• Paperback: 432 pages
• Publisher: William Morrow Paperbacks (March 3, 2015)
The USA Today bestselling author of The Midwife of Hope River returns with a heartfelt sequel, a novel teeming with life and full of humor and warmth, one that celebrates the human spirit.
The Great Depression has hit West Virginia hard. Men are out of work; women struggle to feed hungry children. Luckily, Nurse Becky Myers has returned to care for them. While she can handle most situations, Becky is still uneasy helping women deliver their babies. For these mothers-to-be, she relies on an experienced midwife, her dear friend Patience Murphy.
Though she is happy to be back in Hope River, time and experience have tempered Becky’s cheerfulness-as tragedy has destroyed the vibrant spirit of her former employer Dr Isaac Blum, who has accompanied her. Patience too has changed. Married and expecting a baby herself, she is relying on Becky to keep the mothers of Hope River safe.
But becoming a midwife and ushering precious new life into the world is not Becky’s only challenge. Her skills and courage will be tested when a calamitous forest fire blazes through a Civilian Conservation Corps camp. And she must find a way to bring Isaac back to life and rediscover the hope they both need to go on.
Full of humor and compassion, The Reluctant Midwife is a moving tribute to the power of optimism and love to overcome the most trying circumstances and times, and is sure to please fans of the poignant Call the Midwife series.
Patricia Harman, CNM, got her start as a lay midwife on rural communes and went on to become a nurse-midwife on the faculty of Ohio State University, Case Western Reserve University, and West Virginia University. She lives near Morgantown, West Virginia; has three sons; and is the author of two acclaimed memoirs.
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I won’t deny that my love of the BBC series Call the Midwife is what sparked my interest in The Reluctant Midwife, but the reality is that, except for the fact that midwifery is central to both stories, there really aren’t many similarities. The TV show, while based on memoirs, is quintessentially English, and set in the 50s and (now) 60s. This novel is a decidedly American story, and takes place during the Great Depression.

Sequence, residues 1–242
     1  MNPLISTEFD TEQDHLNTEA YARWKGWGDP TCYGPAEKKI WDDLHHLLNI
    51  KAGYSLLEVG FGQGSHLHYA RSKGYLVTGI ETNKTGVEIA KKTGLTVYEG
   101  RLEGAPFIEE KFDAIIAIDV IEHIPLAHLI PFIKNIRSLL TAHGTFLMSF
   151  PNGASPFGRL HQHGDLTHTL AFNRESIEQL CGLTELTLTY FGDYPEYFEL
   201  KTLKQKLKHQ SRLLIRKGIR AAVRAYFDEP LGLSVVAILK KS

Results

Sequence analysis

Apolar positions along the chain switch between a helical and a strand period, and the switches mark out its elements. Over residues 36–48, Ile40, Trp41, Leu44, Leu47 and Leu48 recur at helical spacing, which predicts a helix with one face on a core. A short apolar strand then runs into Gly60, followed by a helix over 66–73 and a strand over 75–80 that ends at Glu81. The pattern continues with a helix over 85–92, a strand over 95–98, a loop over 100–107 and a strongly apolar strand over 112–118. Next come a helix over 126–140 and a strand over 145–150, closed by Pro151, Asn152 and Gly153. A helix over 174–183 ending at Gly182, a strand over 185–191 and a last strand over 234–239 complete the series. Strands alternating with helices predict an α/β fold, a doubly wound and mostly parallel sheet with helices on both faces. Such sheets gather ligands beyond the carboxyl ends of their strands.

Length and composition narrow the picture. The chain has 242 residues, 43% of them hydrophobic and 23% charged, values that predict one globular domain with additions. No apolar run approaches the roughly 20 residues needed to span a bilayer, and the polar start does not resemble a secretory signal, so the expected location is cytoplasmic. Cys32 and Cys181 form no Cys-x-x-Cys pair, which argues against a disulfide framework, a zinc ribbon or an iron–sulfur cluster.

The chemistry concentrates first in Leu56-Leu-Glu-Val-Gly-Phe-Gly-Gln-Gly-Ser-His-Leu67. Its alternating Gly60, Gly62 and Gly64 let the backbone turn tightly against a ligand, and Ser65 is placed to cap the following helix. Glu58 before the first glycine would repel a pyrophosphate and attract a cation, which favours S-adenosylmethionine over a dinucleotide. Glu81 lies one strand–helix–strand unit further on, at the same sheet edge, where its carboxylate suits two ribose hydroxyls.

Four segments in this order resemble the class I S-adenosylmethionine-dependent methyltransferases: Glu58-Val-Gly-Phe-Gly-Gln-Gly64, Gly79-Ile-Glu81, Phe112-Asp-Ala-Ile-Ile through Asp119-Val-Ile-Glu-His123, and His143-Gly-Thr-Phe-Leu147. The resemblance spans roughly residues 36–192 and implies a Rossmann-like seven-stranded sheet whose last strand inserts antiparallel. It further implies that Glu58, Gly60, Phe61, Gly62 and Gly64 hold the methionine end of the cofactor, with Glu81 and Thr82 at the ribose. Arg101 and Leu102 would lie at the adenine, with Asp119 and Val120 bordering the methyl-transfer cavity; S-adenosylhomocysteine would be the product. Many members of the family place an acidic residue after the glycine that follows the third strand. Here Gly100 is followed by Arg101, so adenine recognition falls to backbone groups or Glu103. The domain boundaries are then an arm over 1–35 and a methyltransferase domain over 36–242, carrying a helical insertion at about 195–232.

You might think that such a period would lead to a depressing story, but you’d be wrong. While Patricia Harman’s characters do experience hardship and loss, the entire novel is imbued with so much hope and humor that at times it was difficult to mute the Annie soundtrack running through my brain while I was reading it. Which is not to imply that it’s at all childish, because it’s not.
What this book is, is a very honest, human story about two couples who share the predisposition to be healers. The first is Becky and Isaac, although they’re not really a couple in the romantic sense. The majority of the novel is written in first person, from Becky’s perspective, so we come to know her best. There were times when all I wanted to do was tell her to stop being such a prude, and get her hands dirty, but that only means I was invested in her story.
Isaac, on the other hand, is the now-mute doctor Becky once worked with, and now cares for, and while his presence is a bit murky at times, ultimately he becomes at least as real as his female counterpart, his quiet contrasting beautifully with her strength and forthrightness.
The other couple, midwife Patience and her husband the local vet. This novel is actually a sequel to Harman’s previous one, The Midwife of Hope River, in which told Patience’s story. I haven’t read the first book, but I didn’t feel like I was missing key information, and I like that. I’m sure my enjoyment would only have been greater if had.
While a story set in the 30’s could easily be depressing and bleak, this book was neither. Instead, it showed us people who persevere in the face of hardship, and find solace in love and laughter. I liked that the author gave us a sense of place (Appalachia) without locking us into the landscape of a specific existing town, letting us fill in the blanks ourselves, and I really liked the way she gave us hints of the politics of the day, and of events outside the immediate environs of this tale. An oblique reference to the midwestern prairie, for example, reminds us that the Dust Bowl was a concurrent event.
Populated by flawed, feeling, incredibly real people, this novel was a thoroughly enjoyable and interesting read. The resolution of Becky’s relationship with Isaac was a bit predictable, but in no way reduced the integrity of the rest of the story.
I’m eager to go back and read the first book in this series, and I’m equally excited to explore Harman’s other work, which I hope includes another entry into this series.
Goes well with Pork and beans, homemade cornbread, and fresh lemonade.
Wednesday, March 4th: Bibliotica
Thursday, March 5th: Broken Teepee
Friday, March 6th: Kritter Ramblings
Monday, March 9th: Peeking Between the Pages
Tuesday, March 10th: A Novel Review
Thursday, March 12th: Life Between Reads
Monday, March 16th: Unshelfish
Tuesday, March 17th: A Patchwork of Books
Wednesday, March 18th: Buried Under Books
Thursday, March 19th: FictionZeal
Friday, March 20th: A Chick Who Reads